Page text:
Copper Top Penny Coffee Table DIY

This table…(shakes head) … this table, it belonged to my husband’s Nana which translates into, “We are never getting rid of it” I’ve had tried numerous time to get a new coffee table and have been met with a “No” from Jerry. It was a regular brown coffee table when we got together. I thought it had met it’s demise a few years back when my husband and a friend crashed into it. Wrong!, Jerry screwed it right back together. So, since we can’t let it go, at least we can make it more unique.


All you need for this project is:

a Surface (coffee table in this case)

Elmer’s Pro bond advanced or equivalent, must bond metal to wood

Martha Stewart Copper Metallic Glaze or equivalent, an acrylic copper will work as well.

Black spray paint your choice of gloss or flat

Polyurethane clear gloss

Pennies, pennies, pennies!!! 

Just to go ahead and warn you, you are going to need more pennies than you think. I chose this project because I assumed “Oh! pennies! how cheap this will be!” After my first visit to the bank for $5 in pennies I discovered I was wrong. In all, I estimate $15 in pennies. Not my cup of tea AT ALL!!!

This project in all including paint, pennies, and polyurethane I estimate at around $25. Still cheaper than a new table. I was given the Martha Stewart paint by my sister so FREE! Already had the Elmer’s on hand as well.

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This is what we started with. I painted the table a sherbet orange a year or so ago. This was after a slight sanding.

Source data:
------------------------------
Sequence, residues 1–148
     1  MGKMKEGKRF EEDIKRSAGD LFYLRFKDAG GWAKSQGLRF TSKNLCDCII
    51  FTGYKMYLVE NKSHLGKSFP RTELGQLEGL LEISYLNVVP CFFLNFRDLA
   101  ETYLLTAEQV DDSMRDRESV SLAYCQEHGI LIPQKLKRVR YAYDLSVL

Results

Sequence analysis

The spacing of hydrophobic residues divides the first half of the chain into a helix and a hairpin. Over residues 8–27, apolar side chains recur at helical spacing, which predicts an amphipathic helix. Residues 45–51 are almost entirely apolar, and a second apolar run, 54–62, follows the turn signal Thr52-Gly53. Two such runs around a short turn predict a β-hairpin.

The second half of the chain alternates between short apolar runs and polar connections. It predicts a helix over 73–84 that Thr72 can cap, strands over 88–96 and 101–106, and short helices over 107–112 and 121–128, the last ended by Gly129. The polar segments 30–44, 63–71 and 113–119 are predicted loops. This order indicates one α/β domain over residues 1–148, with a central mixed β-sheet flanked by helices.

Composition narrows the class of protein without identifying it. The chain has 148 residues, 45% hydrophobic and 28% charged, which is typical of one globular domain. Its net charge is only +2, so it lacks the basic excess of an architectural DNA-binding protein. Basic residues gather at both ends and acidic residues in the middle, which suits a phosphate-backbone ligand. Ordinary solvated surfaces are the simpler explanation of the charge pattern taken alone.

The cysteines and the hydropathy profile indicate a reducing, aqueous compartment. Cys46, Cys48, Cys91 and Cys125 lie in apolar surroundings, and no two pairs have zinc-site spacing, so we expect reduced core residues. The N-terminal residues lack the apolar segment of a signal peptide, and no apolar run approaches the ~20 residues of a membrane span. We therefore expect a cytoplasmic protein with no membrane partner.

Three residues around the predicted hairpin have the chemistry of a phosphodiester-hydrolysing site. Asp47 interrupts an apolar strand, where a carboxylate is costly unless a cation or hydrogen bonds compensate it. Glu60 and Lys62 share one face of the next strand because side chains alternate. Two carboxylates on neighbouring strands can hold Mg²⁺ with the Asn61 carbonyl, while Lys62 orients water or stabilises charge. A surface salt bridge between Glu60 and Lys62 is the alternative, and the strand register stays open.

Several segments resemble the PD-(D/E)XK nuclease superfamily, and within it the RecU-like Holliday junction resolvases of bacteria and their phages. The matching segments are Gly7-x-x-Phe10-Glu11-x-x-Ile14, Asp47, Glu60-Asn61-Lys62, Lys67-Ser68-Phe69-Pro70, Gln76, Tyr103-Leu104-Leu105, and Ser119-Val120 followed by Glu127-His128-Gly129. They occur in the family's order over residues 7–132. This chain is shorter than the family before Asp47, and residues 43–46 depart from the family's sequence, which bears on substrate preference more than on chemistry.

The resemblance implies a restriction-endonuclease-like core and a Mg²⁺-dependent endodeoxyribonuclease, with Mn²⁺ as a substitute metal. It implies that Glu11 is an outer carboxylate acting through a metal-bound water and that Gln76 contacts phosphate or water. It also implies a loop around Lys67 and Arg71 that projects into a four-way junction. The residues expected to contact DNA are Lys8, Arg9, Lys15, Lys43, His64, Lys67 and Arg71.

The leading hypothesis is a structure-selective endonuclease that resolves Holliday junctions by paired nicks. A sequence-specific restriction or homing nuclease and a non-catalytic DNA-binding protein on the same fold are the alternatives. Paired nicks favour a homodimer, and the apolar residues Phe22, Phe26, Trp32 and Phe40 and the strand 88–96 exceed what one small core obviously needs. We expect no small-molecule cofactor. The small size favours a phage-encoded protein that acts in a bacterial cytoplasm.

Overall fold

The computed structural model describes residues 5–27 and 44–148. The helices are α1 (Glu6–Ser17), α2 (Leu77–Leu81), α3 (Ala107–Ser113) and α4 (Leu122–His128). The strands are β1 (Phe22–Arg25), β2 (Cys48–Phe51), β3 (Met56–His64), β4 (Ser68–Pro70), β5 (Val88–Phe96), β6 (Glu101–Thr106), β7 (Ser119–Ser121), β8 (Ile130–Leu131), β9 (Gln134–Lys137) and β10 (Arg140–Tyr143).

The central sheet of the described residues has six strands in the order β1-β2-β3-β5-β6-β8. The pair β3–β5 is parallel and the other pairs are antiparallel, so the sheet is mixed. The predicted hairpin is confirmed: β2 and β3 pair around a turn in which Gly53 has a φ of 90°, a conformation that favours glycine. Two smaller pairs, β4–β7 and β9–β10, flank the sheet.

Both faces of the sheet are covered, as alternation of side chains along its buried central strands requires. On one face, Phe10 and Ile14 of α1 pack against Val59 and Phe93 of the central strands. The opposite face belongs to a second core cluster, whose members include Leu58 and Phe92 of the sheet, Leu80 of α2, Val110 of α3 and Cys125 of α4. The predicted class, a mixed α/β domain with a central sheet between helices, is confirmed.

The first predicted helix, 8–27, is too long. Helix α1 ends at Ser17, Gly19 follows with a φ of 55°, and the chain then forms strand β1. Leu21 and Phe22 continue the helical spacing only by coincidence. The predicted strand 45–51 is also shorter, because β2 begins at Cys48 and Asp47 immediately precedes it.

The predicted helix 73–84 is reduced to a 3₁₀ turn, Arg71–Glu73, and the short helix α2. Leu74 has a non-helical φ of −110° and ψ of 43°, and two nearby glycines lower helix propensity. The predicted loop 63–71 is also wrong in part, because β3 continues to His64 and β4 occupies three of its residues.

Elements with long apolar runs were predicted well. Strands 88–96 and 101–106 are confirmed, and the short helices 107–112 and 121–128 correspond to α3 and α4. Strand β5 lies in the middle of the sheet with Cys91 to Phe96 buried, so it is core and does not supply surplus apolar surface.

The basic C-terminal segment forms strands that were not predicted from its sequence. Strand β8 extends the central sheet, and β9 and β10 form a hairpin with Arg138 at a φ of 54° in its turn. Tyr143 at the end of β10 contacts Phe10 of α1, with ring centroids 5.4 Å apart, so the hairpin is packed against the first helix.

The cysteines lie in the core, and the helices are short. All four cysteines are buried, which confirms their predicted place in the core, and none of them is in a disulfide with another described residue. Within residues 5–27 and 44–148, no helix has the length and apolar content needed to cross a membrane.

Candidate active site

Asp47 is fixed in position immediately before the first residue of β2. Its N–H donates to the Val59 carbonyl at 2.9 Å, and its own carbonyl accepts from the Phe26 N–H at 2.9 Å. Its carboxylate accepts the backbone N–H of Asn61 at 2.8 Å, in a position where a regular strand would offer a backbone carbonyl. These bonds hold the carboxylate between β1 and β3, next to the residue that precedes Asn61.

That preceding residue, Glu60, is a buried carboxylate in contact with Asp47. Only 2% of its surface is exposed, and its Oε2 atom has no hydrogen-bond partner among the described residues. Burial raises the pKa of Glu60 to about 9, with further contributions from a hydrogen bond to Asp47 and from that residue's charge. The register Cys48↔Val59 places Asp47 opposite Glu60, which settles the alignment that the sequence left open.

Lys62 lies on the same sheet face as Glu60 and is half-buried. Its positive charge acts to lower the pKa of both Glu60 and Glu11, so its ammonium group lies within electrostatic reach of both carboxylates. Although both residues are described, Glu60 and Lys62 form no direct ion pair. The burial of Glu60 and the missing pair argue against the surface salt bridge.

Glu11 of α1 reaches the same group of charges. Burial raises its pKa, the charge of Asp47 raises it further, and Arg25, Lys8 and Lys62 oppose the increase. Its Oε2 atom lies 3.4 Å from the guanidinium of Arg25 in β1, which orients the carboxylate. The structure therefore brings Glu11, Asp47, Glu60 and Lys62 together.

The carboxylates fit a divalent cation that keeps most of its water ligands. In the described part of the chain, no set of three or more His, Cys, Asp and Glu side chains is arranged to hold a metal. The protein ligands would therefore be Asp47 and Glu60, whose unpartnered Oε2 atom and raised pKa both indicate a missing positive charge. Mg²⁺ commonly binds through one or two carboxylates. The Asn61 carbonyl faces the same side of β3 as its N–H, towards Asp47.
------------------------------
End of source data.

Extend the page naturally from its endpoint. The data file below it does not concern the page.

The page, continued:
Step 1: Paint entire piece your base color; I chose black. Let dry


Step 2: using you glaze or equivalent, cover whatever surface your placing your pennies. This will make it look like a more cohesive piece. The gaps in between will not stand out as much. Also if your working with an odd shape like I was, this will make your edges look much more uniform.

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I used an old blush brush to make swirly patterns. Almost left it like this; was very pretty. I just wanted some texture in my life though, so I continued.


Step 3: using the Elmer’s advanced bond start placing your pennies in a stagger pattern for maximum coverage. If you are working with a odd shape, like this table, it will be your call on how far to let pennies overhang. Some rows will line up perfectly with the edge while others will have a gap or leave your penny hanging over. Totally up to you what you do with it. This is the reason I applied the copper. The copper base makes these edge gaps less noticeable.


My completely filled table. 15 stinking dollars later! Don’t fret, Gluing them down is much quicker than you think, even a little fun.


Step 4: You want to apply this for numerous reasons. It will protect the pennies from turning colors, avoid them coming off the table from wear, and seal the cracks for easy cleaning. To apply, literally pour the contents of the can into the center of the table. Using a wide paint brush or sponge, work the coat outward to the edges. You may need more or less to completely fill the cracks for a smooth surface area. For a very smooth finish, buy 2 cans. Repeat this step again after table had completely dried with second can of polyurethane.

This will take anywhere from 24-48 hours to dry. I left mine outside for the first 36 hours. The nearly drowning humidity kept it from drying completely so I had to confine it to a bedroom away from toddler hands overnight to finish the drying process. Seriously though, the humidity here is so bad you almost need scuba gear to breathe in the yard.


Step 5: Enjoy table! Mine will get an extra coat of polyurethane I’m sure eventually. I LOVE the wet look it gives it!


Isn’t it lovely?


Paxton saw the camera and waned to “cheese” for Mama.



Add pennies in any pattern to a cheap piece of dollar store glass. I think they sell them for candle stands. Got this one for $0.25. It’s a new coaster for my fancy table.


Categories: DIY | Tags: , , , , , , , , , , , , , , , , , | 1 Comment

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One thought on “Copper Top Penny Coffee Table DIY

  1. paula meyers

    Absolutely love it!

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